- The challenge will run from November 1, 2016, to January 31, 2017. No books started before 12 a.m. on November 1 or finished after 11:59 p.m. on January 31 will count.
- Each book must be at least 150 pages long. Audiobooks and large-print books are fine, as long as the regular print version meets the length requirement.
- A book can only be used for one category, and each category can only be completed once.
- The highest possible total is 200 points, and the first five people who finish the challenge will be invited to contribute a category for the summer 2017 challenge.
- Have fun! Read some books you might not have read otherwise. Discover new authors and make new bookworm friends. (Yes, these are the most important rules!)
And now for the exciting part: the challenge categories!
5 points: Freebie! Read any book that is at least 150 pages long. It Must Be Christmas
10 points: Read a 2016 finalist (longlist or shortlist) for one of the following literary prizes: National Book Award, Man Booker or Man Booker International. — Miss Jane
10 points: Read a brand-new release (something published between November 1, 2016, and January 31, 2017). – Under Rose-Tainted Skies
15 points: Read a book by an author of a different race or religion than you. – Not that Easy
15 points: Read a book featuring a main character who is of a different race or religion than you. – Plain Christmas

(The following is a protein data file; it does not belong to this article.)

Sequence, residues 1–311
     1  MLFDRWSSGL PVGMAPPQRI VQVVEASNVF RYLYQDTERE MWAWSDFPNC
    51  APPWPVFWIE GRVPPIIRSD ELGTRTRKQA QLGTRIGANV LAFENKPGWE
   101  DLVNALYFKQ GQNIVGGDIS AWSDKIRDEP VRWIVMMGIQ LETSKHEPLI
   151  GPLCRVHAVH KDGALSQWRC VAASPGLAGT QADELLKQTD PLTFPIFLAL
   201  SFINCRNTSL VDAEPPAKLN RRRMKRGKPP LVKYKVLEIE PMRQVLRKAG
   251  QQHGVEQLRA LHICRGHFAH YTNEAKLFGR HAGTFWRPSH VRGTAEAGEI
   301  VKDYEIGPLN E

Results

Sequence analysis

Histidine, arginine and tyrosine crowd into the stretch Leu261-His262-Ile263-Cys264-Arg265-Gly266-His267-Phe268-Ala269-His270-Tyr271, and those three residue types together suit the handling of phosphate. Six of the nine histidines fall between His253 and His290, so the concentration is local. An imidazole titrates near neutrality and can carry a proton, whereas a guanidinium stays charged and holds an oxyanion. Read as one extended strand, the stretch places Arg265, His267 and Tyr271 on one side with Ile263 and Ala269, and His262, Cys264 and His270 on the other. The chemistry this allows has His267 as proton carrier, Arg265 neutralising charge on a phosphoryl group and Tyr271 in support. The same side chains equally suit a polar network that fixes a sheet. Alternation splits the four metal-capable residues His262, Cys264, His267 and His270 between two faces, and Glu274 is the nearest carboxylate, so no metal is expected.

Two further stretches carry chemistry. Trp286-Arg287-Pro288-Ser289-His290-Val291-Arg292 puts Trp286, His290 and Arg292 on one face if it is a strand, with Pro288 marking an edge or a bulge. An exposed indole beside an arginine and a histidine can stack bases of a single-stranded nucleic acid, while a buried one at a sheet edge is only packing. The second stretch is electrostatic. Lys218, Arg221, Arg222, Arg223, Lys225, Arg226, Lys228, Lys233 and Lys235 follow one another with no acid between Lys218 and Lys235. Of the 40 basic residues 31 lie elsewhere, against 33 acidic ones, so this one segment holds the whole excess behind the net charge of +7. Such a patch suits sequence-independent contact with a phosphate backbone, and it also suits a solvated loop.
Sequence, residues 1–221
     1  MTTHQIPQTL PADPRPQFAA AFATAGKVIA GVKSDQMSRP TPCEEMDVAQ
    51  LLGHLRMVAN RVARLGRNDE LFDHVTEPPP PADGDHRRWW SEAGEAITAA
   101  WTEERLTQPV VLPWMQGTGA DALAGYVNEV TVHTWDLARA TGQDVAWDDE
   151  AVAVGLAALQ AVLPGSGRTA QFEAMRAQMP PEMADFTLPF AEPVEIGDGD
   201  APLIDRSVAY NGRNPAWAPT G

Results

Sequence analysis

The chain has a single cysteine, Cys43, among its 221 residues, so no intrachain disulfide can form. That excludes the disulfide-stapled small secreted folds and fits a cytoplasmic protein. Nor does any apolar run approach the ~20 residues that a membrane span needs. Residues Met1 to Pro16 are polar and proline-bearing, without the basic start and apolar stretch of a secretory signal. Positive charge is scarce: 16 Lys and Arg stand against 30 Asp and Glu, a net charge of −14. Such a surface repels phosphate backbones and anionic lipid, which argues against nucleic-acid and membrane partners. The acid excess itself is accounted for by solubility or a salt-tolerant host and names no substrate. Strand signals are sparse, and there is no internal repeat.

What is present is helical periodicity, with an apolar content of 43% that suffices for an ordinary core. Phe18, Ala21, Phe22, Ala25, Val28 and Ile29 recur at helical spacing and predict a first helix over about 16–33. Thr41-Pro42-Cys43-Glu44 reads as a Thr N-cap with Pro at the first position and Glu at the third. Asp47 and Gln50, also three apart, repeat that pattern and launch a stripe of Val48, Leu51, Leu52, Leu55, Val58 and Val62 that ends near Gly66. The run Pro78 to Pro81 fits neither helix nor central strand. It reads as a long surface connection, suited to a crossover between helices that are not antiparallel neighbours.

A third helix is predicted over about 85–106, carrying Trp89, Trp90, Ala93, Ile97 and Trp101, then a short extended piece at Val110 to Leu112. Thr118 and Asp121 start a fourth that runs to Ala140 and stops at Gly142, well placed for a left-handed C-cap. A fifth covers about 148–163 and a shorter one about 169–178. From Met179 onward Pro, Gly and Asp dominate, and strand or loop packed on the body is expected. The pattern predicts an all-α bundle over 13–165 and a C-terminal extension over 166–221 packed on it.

20 points: Read a modern retelling of a classic (e.g. an Austen Project novel, Vinegar Girl by Anne Tyler, etc.) — Submitted by SCSBC16 winner Kaity.
25 points: Read a book with an alcoholic beverage (neat or cocktail) in the title. — Submitted by SCSBC16 winner Kerry. (And she was nice enough to come up with a long list of suggestions for you!) – The Hurricane by R. J. Prescott
30 points: Read a book with a character that shares your first or last name. (Alternate spellings are okay, e.g. Megan and Meghan or Smith and Smyth.) — Submitted by SCSBC16 winner Ericka. – Christine by Stephen King
30 points: Read two books: a nonfiction book and a fiction book with which it connects. For example: A is for Arsenic: The Poisons of Agatha Christie and one of Christie‘s mystery novels that features poison, or The Monuments Men and All the Light We Cannot See. The possibilities are endless, so have fun with this one! — Submitted by SCSBC16 winner Bev. (And remember you must finish both books to get the 30 points! No partial points will be awarded.) WWII – Codename Lazurus & The Nazi Hunters
40 points: Read two books: one by an author whose first name is the same as the last name of the author of the other book. For example: You may read a book by Martin Cruz Smith and a book by George R.R. Martin, or a book by James Joyce and a book by Joyce Carol Oates. The shared name must be spelled exactly the same, no variations. — Submitted by SCSBC16 winner Jamie. (And remember you must finish both books to get the 40 points! No partial points will be awarded.) Martin?